Anti-virus firms have raised the peril index of the Korgo worm up a notch following the spread of several new variants this week.
Korgo (aka Padobot) exploits the Microsoft Windows Local Security Authority Subsystem Service (LSASS) vulnerability to spread across vulnerable machines. The same flaw was infamously exploited by the Sasser worm and by a number of less prolific worms since. Kordo has some nasty tricks up its sleeve but the worm is far less prolific than Sasser.
The worm was written by the Russian Hangup Team virus group, according to Finnish AV firm F-Secure. All seven variants of the worm are very similar.
Korgo-A (and its variants) are written in C++ and is approximately 10KB in size, packed using UPX. When launched, the worm copies itself to the Windows system directory under a random name, and registers this file in the system registry auto-run key. It then begins to randomly scan for further machines to attack on TCP port 445. It also listens on TCP ports 113, 3067, and other random ports allowing hackers backdoor access to infected (zombie) machines. Compromised machines also attempt to connect to several IRC servers to receive commands and transmit data to their controllers.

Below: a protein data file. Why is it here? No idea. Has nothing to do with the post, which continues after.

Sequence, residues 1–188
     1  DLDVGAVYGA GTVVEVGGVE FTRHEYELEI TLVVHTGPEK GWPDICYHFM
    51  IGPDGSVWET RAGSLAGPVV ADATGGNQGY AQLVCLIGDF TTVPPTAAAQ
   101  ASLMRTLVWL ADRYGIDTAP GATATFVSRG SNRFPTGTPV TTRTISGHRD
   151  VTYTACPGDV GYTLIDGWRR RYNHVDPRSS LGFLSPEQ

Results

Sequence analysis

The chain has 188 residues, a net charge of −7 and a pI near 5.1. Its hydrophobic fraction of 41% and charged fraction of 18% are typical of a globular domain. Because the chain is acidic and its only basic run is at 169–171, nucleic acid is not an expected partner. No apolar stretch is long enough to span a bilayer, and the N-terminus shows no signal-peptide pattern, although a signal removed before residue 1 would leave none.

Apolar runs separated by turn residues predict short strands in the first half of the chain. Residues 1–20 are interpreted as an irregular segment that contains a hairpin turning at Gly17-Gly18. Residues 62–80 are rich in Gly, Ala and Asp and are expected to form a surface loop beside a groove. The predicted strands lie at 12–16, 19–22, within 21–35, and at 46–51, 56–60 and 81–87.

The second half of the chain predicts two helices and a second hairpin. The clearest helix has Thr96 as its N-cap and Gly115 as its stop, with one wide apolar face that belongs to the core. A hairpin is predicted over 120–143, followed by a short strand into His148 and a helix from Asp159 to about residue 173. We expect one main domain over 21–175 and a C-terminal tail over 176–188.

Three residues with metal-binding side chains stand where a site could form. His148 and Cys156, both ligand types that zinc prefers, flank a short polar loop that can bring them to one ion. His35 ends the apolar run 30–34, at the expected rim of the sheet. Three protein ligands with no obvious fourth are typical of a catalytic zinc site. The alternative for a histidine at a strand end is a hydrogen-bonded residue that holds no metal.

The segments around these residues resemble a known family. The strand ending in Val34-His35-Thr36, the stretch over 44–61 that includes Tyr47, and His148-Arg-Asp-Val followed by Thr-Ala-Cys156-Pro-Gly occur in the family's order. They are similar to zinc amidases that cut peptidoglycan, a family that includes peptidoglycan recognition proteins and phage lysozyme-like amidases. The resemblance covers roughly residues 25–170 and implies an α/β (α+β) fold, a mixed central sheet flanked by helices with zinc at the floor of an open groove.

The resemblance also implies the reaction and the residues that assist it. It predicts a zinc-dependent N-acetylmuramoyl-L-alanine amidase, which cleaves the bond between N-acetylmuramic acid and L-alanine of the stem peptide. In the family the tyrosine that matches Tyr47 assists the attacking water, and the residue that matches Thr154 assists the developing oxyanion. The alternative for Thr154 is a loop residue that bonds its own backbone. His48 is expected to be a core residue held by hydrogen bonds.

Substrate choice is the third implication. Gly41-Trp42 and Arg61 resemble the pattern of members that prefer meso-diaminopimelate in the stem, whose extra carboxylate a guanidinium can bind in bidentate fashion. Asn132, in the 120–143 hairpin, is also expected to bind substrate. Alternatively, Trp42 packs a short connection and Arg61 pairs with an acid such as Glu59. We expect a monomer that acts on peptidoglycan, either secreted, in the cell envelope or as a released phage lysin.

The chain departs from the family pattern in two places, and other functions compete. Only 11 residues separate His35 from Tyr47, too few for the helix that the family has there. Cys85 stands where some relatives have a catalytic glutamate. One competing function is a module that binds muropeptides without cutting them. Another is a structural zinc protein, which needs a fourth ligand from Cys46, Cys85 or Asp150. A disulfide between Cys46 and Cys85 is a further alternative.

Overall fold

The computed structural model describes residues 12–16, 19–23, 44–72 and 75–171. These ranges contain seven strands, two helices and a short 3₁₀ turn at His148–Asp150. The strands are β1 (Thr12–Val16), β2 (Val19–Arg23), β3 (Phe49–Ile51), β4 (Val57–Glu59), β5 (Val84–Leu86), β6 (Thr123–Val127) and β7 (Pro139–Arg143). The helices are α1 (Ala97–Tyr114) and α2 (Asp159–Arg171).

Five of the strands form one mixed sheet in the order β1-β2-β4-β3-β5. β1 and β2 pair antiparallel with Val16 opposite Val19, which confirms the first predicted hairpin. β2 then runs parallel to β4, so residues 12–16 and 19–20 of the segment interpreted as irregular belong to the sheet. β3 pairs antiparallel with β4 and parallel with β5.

Once infected, a victim machine will display an error message that the LSASS service has failed, commonly forcing a reboot. Standard defensive precautions apply against all variants of Korgo: patch Windows boxes, update anti-virus signature files and use firewalls. Most Windows users should already have these precautions in place post Sasser. Let's be careful out there. ®
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